The Cavaliers have quietly had a strong offseason.
Their moves weren’t the flashiest: drafting Kansas standout Ochai Agbaji at No. 14 and bringing back Ricky Rubio, while adding depth-signings in Robin Lopez and Raul Neto.
But each move addressed a clear need this offseason without overspending or overreaching.
And quietly improving has been Cleveland’s MO ever since LeBron James left in 2018.
However, with ESPN’s Adrian Wojnarowski reporting that the Utah Jazz are now taking calls for star Donovan Mitchell, could the Cavs spice up their offseason with a splashy signing?
In Mitchell, the Cavs would get a playoff-experienced shooting threat, who’s averaged 25.3 points over the last three seasons.
Further, Mitchell has shot 44.6% from the field and 36.7% from deep over the same span.
In essence, he’s a turbo-charged Collin Sexton, albeit with slightly better assist numbers (5.2 per game since 2021).
Mitchell would also be a fun backcourt partner for an ascending Darius Garland.
But Mitchell isn’t the second-coming of LeBron James, by any means.
He has his warts; his clutch shooting and defense (111.4 defensive rating last season) are areas for concern.
Two points on that matter.
— SportsCenter (@SportsCenter) July 12, 2022
First, the Cavs boasted a top-five defensive team last season.
Led by Jarrett Allen and Evan Mobley, the Cavaliers were excellent stoppers.
And while Utah boasted perennial DPOY-candidate in Rudy Gobert, the Cavs would bet that the collective team defense provided by Allen and Mobley outweigh Gobert’s individual greatness.
That said, the defensive numbers might dip just a bit.
But that brings us to point two: the offense.
While Cleveland’s defense was excellent last year, the offense sputtered.
Without Sexton’s offensive prowess, Cleveland scuffled to just a top-20 offense.
Adding Mitchell would likely catapult Cleveland’s offense into the top-10, considering his Jazz finished as the top offensive team last season.
And so long as the defense doesn’t crater, Cleveland could very well boast a top-10 defensive unit as well.
Last season, the Finals runners-up Boston Celtics trotted out the league’s top defense and No. 9 rated offense.
And Golden State wasn’t far behind, with the second-best defense and a top-15 offense.
That’s what Cleveland is shooting for here; it’s the entire allure of a trade.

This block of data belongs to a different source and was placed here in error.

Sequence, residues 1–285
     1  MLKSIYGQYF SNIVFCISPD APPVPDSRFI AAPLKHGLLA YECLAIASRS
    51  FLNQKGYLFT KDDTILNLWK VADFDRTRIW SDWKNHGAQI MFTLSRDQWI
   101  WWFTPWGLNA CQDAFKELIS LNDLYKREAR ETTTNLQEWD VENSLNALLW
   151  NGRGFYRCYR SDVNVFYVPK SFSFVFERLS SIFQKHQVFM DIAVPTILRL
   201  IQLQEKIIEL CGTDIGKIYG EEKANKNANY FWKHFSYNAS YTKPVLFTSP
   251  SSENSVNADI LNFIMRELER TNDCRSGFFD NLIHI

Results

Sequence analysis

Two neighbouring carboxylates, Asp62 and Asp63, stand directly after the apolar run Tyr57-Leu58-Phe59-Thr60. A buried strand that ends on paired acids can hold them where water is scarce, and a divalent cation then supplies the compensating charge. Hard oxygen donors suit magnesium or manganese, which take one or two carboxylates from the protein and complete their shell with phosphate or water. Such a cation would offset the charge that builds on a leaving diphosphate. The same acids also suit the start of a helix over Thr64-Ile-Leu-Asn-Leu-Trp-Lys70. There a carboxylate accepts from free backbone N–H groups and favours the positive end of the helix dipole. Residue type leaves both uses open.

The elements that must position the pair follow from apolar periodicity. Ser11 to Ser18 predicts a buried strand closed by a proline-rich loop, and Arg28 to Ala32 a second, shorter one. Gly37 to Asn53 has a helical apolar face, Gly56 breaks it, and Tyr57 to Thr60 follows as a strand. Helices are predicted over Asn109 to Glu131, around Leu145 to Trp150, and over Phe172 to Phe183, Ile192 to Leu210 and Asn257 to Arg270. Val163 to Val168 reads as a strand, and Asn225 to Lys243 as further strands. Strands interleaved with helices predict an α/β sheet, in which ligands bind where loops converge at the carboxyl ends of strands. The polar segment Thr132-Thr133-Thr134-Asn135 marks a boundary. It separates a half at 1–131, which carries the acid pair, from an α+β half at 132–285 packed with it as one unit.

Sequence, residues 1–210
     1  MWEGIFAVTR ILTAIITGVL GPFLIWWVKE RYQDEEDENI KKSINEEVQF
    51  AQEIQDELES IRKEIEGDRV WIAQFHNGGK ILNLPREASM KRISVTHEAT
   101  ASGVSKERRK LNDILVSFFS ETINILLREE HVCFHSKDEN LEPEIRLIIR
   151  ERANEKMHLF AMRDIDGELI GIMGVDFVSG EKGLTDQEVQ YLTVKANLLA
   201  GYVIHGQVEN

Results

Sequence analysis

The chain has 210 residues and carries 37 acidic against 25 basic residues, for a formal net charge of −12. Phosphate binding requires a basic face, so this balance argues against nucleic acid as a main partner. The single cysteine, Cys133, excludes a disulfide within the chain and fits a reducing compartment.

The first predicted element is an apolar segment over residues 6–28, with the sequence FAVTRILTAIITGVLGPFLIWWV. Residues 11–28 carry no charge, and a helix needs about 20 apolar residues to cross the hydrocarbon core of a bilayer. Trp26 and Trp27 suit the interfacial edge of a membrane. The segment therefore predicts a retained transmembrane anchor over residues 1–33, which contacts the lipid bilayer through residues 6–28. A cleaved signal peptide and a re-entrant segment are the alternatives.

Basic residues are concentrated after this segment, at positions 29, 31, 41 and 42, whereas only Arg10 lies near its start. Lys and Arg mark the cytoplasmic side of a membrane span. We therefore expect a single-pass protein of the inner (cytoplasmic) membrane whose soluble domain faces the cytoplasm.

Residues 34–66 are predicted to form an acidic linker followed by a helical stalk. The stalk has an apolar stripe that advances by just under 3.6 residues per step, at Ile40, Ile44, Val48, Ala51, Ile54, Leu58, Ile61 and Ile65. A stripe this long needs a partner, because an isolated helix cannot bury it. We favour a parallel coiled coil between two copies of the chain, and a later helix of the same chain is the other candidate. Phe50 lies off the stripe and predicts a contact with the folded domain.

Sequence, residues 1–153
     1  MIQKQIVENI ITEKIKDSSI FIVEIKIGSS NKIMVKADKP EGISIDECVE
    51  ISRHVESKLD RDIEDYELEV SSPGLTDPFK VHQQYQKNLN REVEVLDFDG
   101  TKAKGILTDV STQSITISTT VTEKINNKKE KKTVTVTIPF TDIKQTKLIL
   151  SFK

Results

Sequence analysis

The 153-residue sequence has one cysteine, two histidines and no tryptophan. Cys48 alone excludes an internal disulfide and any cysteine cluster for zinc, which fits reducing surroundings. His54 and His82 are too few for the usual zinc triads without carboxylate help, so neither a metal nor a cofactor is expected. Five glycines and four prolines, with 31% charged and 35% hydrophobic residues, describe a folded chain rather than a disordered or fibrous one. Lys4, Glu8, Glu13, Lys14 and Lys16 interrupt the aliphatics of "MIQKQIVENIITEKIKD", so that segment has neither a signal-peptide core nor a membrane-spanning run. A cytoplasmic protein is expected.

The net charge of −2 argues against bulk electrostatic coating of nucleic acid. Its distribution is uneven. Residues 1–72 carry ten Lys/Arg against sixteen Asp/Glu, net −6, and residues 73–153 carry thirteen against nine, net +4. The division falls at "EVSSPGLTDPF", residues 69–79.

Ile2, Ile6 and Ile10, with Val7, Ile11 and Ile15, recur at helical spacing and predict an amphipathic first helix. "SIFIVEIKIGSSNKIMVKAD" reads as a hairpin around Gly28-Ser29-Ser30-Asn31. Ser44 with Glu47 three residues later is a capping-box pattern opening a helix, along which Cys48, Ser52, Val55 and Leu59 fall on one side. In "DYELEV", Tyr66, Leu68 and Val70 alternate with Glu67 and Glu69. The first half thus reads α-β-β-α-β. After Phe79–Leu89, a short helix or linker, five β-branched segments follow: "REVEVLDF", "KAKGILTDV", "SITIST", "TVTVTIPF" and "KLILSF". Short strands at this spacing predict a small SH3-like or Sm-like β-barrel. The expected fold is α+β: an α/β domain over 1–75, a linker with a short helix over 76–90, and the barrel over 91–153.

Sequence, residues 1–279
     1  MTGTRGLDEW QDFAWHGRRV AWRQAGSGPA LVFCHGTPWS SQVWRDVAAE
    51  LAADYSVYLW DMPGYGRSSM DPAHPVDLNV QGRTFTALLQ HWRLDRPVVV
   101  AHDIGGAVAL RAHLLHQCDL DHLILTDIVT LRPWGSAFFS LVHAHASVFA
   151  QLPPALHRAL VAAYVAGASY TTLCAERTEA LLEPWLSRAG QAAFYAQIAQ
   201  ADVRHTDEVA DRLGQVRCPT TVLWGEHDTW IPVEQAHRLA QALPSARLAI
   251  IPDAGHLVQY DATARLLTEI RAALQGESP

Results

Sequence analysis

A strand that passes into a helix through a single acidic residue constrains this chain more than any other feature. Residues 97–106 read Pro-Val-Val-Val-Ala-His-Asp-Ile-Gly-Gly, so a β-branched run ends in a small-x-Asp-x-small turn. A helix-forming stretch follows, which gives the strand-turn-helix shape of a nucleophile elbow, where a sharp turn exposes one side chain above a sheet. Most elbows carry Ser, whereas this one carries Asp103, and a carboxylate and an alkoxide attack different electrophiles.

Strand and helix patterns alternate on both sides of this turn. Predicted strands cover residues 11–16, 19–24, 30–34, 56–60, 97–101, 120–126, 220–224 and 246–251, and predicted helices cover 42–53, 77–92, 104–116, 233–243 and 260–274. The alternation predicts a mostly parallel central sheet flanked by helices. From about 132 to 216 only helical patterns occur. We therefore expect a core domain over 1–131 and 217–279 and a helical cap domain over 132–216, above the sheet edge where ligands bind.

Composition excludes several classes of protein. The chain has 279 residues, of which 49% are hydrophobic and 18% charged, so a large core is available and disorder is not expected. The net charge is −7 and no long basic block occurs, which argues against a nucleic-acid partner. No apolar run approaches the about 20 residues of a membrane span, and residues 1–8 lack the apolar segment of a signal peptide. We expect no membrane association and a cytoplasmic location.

Getting It Done
Cleveland headed into the offseason knowing it needed to add quality depth.
A lack of depth killed the Cavs down the stretch, with injuries to Allen and Mobley sending the season into a tailspin.
But trying to secure Mitchell will necessarily eliminate some of that depth.
Any deal for Mitchell will also involve picks and/or pick swaps.
Unfortunately, Cleveland’s next non-protected first-round pick isn’t until 2024, with next year’s pick lottery protected with Indiana.
And unless something awful happens next season, the Cavaliers should not be picking in the lottery, meaning Indiana will get Cleveland’s first-rounder.
Fortunately, Cleveland does own its own first-rounders until 2029, and could throw in any number of those selections.
Provided of course, they don’t break the Stepien Rule and include first-rounders in back-to-back drafts.
Instead, Cleveland can send pick-swaps in those between years.
If Cleveland is smart, they wouldn’t include any first-round picks past 2026, when Mitchell’s contract is up.
That’s because while Mitchell is locked down now, he very well could leave once his contract expires in 2026.
And if he leaves, that might hurt Cleveland’s chances of competing, making it more important than for the Cavs to retain their draft capital.
But with the Cavs likely to entertain heavy competition, they might just have to pony up.
So that leaves us with sending Utah three first-rounders (2024, 2026, 2028) — all lightly protected, of course.
Throw in two pick swaps in 2025 and 2027.
“Making his 4th All Star appearance, from the Cleveland Cavaliers…DONOVAN MITCHELL” pic.twitter.com/VVqKc206nM
— 98 𝙙𝙖𝙮𝙨 𝙩𝙞𝙡𝙡 𝙨𝙚𝙭𝙩𝙤𝙣 (@HsgvensSon) April 19, 2022
Then we get to players.
Some combination of Caris LeVert, Collin Sexton (via sign and trade), Isaac Okoro, and Lauri Markkanen will be on the table.
Make no mistake: Cleveland should not and will not include Mobley or Garland in any of these packages.
But Utah could do a lot worse than a deal involving three recent lottery picks in Sexton, Okoro, and Markkanen.
If Utah wants a young core to build around, the Cavs can offer a serious package.